Carolyn Shoemaker is an American astronomer who has discovered over 32 comets and more than 800 asteroids. She is also well-known for her work on the impact cratering process on both the Moon and Mars, as well as her studies of Jupiter’s satellites.

Jill Tarter is known as one of the pioneers of the field of SETI, or the search for extraterrestrial life. Tarter has helped to develop many of the key technologies used in radio astronomy and has played a major role in the development of the Allen Telescope Array, which is currently the largest radio telescope in the world. She also inspired the leading female scientist character is the movie Contact.

Margaret Joan Geller is known for her work on galaxy clustering, which has helped to advance our understanding of the formation and evolution of galaxies. Geller has also made important discoveries about the nature of dark matter.

Carolyn Porco is an American planetary scientist who is best known for her work on the Cassini mission to Saturn. She is an expert on Enceladus.

Heidi B. Hammel is best known for her work on planetary atmospheres, which has led to groundbreaking discoveries about the composition and evolution of planets like Mars and Jupiter.

Andrea M. Ghez is known for her groundbreaking research on black holes, which has helped us to better understand how they are formed and evolve over time.

Beth A Brown is known for her work on dark matter and the large-scale structure of the universe. Brown has also made important discoveries about the nature of black holes and how they impact the evolution of galaxies.

Sandra Faber is known for her work on galaxy formation and evolution. She is also an expert on dark matter and the large-scale structure of the universe.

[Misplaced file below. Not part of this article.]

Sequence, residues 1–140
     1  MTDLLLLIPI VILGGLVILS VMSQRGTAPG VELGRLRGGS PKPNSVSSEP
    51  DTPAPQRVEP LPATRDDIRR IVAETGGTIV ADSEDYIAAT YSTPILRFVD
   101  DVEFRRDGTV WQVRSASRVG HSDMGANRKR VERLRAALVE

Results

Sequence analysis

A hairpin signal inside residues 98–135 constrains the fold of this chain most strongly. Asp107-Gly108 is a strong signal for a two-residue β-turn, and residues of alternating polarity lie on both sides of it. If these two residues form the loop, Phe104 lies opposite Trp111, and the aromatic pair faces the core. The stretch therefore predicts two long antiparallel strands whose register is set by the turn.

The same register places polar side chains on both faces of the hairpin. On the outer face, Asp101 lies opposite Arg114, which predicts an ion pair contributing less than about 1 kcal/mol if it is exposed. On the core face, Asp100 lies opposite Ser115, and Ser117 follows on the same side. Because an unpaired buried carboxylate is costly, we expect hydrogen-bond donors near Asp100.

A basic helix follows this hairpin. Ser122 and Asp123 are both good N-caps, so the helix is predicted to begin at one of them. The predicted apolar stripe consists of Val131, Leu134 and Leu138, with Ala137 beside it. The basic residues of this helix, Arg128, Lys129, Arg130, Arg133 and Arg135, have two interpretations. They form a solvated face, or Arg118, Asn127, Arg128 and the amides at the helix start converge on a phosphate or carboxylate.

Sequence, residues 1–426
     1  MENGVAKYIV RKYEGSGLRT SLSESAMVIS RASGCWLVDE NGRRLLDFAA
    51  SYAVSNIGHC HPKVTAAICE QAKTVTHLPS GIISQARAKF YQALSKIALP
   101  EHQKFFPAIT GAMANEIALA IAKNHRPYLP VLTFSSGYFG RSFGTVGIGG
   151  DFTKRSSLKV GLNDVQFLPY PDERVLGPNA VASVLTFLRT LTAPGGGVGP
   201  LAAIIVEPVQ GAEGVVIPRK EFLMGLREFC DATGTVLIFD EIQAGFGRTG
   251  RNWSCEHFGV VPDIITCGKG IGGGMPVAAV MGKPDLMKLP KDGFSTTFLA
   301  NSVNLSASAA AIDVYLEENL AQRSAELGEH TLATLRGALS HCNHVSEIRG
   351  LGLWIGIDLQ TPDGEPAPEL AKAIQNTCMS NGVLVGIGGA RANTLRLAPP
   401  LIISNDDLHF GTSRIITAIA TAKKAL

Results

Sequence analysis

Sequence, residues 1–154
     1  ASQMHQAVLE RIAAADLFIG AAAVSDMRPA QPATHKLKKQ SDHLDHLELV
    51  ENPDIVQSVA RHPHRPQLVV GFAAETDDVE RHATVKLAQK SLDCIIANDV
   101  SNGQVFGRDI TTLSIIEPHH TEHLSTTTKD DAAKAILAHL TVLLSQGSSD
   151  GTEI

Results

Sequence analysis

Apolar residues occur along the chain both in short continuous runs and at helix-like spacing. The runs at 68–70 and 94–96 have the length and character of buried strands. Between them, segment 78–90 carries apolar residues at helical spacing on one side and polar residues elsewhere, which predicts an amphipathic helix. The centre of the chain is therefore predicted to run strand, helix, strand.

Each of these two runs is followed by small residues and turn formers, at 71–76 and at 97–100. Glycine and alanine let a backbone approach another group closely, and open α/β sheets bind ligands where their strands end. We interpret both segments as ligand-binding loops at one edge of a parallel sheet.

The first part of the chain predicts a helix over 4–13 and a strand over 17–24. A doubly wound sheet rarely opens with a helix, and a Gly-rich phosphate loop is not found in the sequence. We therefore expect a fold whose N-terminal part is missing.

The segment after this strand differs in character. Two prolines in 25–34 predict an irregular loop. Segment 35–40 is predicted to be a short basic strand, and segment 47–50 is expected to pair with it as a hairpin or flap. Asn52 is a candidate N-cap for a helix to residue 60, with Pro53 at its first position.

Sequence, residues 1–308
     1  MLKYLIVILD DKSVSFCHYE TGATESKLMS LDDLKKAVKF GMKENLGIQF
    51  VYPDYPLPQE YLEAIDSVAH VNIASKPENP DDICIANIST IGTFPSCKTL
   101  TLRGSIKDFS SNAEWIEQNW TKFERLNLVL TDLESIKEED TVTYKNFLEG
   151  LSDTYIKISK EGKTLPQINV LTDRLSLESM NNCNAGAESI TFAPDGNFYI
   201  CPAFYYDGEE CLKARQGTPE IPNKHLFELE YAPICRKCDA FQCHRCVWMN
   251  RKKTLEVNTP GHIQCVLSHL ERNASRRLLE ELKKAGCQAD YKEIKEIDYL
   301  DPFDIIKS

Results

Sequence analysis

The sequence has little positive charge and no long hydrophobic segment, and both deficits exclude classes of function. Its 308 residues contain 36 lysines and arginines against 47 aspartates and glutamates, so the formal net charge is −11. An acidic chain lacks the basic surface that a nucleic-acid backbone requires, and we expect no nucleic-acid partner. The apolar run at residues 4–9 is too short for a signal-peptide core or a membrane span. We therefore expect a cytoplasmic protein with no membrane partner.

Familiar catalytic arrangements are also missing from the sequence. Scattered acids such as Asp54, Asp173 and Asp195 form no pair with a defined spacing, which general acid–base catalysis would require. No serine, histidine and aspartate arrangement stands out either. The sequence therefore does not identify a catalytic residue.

Barbara A. Williams is known for her work on the formation and evolution of galaxies. She is also an expert on the interstellar medium.

Lisa Kewley is known for her work on galaxy evolution and the formation of planetary systems. She is also an expert on brown dwarfs and massive stars.

Katherine Freese is an expert on dark matter. She is best known for her work on the early universe, galaxy formation and evolution, and the role that dark matter plays. Freese has also developed new theories about how galaxies form and evolve over time.

Wanda Diaz-Merced is best known for her work on using astrophysical data to develop new methods of communication for people with disabilities.

Sara Seager is an astronomer who specializes in the study of exoplanets, or planets that orbit stars other than our Sun. Seager is also a passionate advocate for the public understanding of science, and she has written several popular books on astronomy and astrophysics.

Ruby Payne-Scott is known for her contributions to radio astronomy. She worked on classified government projects during WWII and later made important discoveries about the Sun and other stars. Payne-Scott also helped to lay the groundwork for modern radio astronomy.

Anna Watts is known for her research about neutron stars and thermonuclear explosions.